01 March 2016

Ensuring a smooth transition between children's and adult services

Dr Eugenia Lee is a GP who works in Greenwich, South London. She was a member of the independent committee that helped produce the NICE guideline on transition from children’s to adult services. Here she explains why she got involved in developing the guideline and why she feels it is a timely resource that can support integration between services and improve care for children and young people.



 

I see the development of children and young people as key to my role as a family doctor. Through regular interactions with them I am well placed to support the care needs of young people as they prepare for adult life. In particular, my position in the health and care system means I can help them navigate a way through statutory services, ensuring they are free to meet their aspirations and get on with their lives.  

I was keen to get involved in the NICE guideline because I think it will support more joined up working between services and help to overcome the barriers I have encountered when trying to help people have a smooth transition. Time and time again I have seen young people struggle to make sense of adult’s services when they move on from the more nurturing environment of children’s services. To address this the NICE guideline includes a key recommendation on having a named care professional to co-ordinate the care of people as they move between services.

For example, I have known David since he diagnosed with Type 1 diabetes at 11 years old. Most of the management of his condition was carried out very ably by his mum. When he was older and started going to university his routine changed and the pattern of his life as a student made managing his diabetes very challenging. As his GP, I was David’s care co-ordinator and acted as a point of contact for his family, who were concerned about his wellbeing. This was invaluable to them and to David because I was better placed to navigate the system on their behalf and make sure David could access the support he needed to live more independently, as he wanted to.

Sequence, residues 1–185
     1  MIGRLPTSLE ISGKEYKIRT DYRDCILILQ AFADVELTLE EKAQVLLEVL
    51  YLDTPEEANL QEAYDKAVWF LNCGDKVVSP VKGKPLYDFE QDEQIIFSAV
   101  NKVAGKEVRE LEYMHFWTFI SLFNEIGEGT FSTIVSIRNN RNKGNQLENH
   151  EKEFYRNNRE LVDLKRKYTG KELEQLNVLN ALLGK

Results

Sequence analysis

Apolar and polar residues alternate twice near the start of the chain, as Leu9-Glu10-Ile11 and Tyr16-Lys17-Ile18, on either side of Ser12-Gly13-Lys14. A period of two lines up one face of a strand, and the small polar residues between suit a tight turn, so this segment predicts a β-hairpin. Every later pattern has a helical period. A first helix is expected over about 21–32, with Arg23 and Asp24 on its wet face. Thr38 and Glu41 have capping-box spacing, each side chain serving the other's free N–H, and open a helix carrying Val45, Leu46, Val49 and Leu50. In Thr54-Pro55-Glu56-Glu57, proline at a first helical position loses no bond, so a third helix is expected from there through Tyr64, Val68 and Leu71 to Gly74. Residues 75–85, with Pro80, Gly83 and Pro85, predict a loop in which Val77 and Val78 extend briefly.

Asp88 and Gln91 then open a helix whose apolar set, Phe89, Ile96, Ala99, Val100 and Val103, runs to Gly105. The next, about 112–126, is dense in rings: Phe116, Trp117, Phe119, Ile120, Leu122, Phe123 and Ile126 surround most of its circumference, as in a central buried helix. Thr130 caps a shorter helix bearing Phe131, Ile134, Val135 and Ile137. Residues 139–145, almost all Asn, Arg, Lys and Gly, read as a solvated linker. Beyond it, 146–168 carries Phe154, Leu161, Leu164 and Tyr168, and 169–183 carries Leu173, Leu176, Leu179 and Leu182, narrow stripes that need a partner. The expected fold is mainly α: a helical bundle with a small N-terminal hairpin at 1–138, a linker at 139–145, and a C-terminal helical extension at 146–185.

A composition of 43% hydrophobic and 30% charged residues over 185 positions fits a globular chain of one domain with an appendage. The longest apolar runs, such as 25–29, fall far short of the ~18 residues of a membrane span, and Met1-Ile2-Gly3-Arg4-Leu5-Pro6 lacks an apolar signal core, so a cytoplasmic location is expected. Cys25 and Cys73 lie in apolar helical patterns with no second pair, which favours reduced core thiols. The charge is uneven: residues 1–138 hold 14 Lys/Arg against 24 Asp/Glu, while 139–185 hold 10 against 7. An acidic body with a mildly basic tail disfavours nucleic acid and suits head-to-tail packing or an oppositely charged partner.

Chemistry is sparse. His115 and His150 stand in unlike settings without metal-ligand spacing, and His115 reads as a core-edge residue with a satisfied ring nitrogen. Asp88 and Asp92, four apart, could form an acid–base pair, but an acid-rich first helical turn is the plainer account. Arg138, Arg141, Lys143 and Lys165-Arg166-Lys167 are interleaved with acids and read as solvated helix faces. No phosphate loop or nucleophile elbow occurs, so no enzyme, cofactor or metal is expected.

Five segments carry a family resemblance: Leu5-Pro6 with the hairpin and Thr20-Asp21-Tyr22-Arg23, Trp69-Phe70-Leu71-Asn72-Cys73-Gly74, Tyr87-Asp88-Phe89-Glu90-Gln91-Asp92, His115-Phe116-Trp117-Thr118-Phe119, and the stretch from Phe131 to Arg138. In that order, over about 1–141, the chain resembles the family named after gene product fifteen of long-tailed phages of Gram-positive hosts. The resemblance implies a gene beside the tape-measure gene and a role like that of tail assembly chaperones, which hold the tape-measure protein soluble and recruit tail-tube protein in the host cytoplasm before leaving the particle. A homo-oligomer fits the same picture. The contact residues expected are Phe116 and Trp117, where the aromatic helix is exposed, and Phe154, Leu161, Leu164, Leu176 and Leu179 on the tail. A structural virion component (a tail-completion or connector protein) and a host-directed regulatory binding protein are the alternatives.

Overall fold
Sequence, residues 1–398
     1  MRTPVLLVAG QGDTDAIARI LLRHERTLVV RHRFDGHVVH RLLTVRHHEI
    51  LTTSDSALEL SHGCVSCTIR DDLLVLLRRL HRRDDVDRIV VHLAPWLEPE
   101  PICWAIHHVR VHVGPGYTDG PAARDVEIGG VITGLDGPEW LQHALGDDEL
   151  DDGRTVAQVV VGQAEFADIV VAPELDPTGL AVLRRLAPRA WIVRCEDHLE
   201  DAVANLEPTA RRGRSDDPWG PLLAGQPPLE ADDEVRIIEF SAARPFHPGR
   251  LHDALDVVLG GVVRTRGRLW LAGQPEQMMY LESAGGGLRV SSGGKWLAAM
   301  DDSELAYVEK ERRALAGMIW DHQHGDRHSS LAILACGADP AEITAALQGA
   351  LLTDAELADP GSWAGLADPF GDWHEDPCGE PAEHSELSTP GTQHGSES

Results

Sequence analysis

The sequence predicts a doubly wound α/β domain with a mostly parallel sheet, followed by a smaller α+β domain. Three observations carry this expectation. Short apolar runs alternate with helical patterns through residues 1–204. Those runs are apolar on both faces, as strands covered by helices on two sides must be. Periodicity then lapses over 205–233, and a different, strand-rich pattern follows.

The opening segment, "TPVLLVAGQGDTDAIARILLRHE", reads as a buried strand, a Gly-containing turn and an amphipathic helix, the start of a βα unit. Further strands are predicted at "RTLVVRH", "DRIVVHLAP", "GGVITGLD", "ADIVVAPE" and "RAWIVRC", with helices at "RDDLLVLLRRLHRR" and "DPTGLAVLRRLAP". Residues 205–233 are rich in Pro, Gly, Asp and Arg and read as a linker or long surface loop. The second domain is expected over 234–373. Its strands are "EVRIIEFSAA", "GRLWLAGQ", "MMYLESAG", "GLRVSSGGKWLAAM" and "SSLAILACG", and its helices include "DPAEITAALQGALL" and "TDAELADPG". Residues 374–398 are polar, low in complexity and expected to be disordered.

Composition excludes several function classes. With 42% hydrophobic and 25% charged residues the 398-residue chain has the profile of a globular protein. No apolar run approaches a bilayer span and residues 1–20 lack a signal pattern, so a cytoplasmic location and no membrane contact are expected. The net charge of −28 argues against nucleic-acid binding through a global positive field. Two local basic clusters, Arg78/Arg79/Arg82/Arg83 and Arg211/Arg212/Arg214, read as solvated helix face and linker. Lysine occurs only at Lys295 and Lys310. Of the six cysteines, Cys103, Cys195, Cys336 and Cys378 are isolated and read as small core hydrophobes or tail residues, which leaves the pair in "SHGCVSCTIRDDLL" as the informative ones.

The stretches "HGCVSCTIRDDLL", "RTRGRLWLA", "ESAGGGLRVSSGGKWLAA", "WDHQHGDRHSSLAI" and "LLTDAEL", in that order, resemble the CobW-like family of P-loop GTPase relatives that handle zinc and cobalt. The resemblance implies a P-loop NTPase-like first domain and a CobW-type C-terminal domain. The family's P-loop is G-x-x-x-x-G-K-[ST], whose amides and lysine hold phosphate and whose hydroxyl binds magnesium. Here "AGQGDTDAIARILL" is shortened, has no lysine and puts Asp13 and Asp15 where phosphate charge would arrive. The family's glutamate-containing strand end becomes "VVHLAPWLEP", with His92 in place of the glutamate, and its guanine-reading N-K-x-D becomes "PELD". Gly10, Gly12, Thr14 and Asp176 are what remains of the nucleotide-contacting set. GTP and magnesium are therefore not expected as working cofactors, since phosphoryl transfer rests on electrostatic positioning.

Whether they have physical, psychological or social needs ensuring children and young people have a smooth transition into adulthood should be a priority for service commissioners and providers. It can be challenging but those working in health and care need to work together so that children and young people, their parents and/ or their carers are at the heart of decisions about their care and have trust in the system to support their needs, at an important stage in their lives.  

 

  Read our guideline on transition from children’s to adult services

 

Whether they have physical, psychological or social needs ensuring children and young people have a smooth transition into adulthood should be a priority for service commissioners and providers.

Dr Eugenia Lee, a member of the committee that developed the guideline and a GP from Greenwich

 

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